WRDA deal ‘imminent’; passage expected this week
Tiffany Stecker, E&E News reporter
Published: Monday, December 5, 2016
Congress is on the brink of passing a massive water resources bill this week, as negotiators hammer out the final details on a deal to help Flint, Mich., and other cities with crumbling infrastructure.
As of Friday, the final holdout in finishing the Water Resources Development Act before the end of the year appears to be a push from House Speaker Paul Ryan (R-Wis.) to strike a provision that would require only U.S. steel and iron products be used for infrastructure projects funded by the drinking water State Revolving Fund loans. A spokeswoman for Ryan said she was confident the issue would be resolved.
House Majority Leader Kevin McCarthy (R-Calif.) said Friday he hoped to get WRDA and a stopgap spending bill out by Thursday. On the Senate side, Environment and Public Works spokeswoman Daisy Letendre said a deal was “imminent.”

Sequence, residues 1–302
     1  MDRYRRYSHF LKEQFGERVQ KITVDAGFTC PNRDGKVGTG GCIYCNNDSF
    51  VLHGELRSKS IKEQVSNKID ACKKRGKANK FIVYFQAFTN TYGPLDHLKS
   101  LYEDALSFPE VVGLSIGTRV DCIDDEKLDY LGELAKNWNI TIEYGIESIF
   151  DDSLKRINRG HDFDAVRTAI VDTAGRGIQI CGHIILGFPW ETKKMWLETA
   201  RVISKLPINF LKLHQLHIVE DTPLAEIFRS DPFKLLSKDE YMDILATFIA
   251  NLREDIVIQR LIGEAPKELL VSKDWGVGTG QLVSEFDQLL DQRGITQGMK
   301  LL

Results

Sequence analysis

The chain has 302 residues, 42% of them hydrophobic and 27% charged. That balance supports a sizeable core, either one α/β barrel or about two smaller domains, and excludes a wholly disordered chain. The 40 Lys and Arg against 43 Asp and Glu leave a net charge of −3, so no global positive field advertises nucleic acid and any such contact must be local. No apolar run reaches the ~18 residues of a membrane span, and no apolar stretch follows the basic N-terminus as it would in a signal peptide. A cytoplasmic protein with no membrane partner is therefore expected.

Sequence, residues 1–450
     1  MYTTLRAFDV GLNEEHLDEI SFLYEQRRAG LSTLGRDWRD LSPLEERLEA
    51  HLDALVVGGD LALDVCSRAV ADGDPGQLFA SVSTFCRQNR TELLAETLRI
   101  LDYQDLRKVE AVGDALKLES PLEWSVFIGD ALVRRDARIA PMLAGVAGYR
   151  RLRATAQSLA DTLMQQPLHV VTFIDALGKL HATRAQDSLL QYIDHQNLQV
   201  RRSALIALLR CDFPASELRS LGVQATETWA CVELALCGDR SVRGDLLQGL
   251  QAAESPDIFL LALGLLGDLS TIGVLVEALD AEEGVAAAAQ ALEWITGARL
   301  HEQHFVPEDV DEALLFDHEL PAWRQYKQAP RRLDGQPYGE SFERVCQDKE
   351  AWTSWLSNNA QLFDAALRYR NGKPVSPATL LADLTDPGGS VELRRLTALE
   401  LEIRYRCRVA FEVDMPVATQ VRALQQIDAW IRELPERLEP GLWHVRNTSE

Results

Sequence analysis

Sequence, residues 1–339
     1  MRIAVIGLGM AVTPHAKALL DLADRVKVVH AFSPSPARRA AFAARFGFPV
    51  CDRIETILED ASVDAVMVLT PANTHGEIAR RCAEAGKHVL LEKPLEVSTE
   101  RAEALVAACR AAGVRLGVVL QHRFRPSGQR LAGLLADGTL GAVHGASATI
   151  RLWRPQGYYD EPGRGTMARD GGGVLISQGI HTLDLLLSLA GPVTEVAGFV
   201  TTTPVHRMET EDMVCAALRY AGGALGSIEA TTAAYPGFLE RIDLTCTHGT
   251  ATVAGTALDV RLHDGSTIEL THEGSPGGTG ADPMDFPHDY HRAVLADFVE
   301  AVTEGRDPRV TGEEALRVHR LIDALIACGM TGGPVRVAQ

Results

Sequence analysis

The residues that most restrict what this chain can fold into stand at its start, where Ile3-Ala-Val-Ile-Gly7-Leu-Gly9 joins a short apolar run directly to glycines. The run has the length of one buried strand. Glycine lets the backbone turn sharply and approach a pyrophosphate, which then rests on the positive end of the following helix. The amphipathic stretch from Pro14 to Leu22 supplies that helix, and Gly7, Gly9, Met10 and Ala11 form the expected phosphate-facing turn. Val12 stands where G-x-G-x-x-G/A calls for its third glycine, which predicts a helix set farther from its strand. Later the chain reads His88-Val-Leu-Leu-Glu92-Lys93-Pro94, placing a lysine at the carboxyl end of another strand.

Central to the legislation is an agreement to provide financial help to Flint, where residents are struggling with lead-tainted drinking water. The city’s water was contaminated after state and local officials failed to properly treat the water following a switch from Lake Huron water to Flint River water, which corroded old lead pipes.
While WRDA would authorize the Flint aid, a continuing resolution would probably be the vehicle to appropriate the money, according to a leadership aide. Senate Environment and Public Works Chairman Jim Inhofe (R-Okla.) told reporters last week that key lawmakers had settled on sending $170 million to the city, equal to the amount in the House’s version of the bill, but less than the $220 million agreed to in the Senate legislation.
Michigan Democratic lawmakers balked at the lower amount.
“We’re just continuing to push” for the original package passed in the Senate, said Rep. Dan Kildee (D), who represents Flint.
The upper chamber’s version of the legislation, S. 2848, would put a large chunk of funding to clean up waterways and make drinking water safe as well as authorizing water projects overseen by the Army Corps of Engineers.
Staffers from both chambers are working to reconcile the two very different versions of the water resources legislation. The $6 billion House version, H.R. 5303, does not include the clean water and drinking water sections, which make up almost half of the cost of the roughly $10 billion Senate bill.Tags: policy, water, WRDA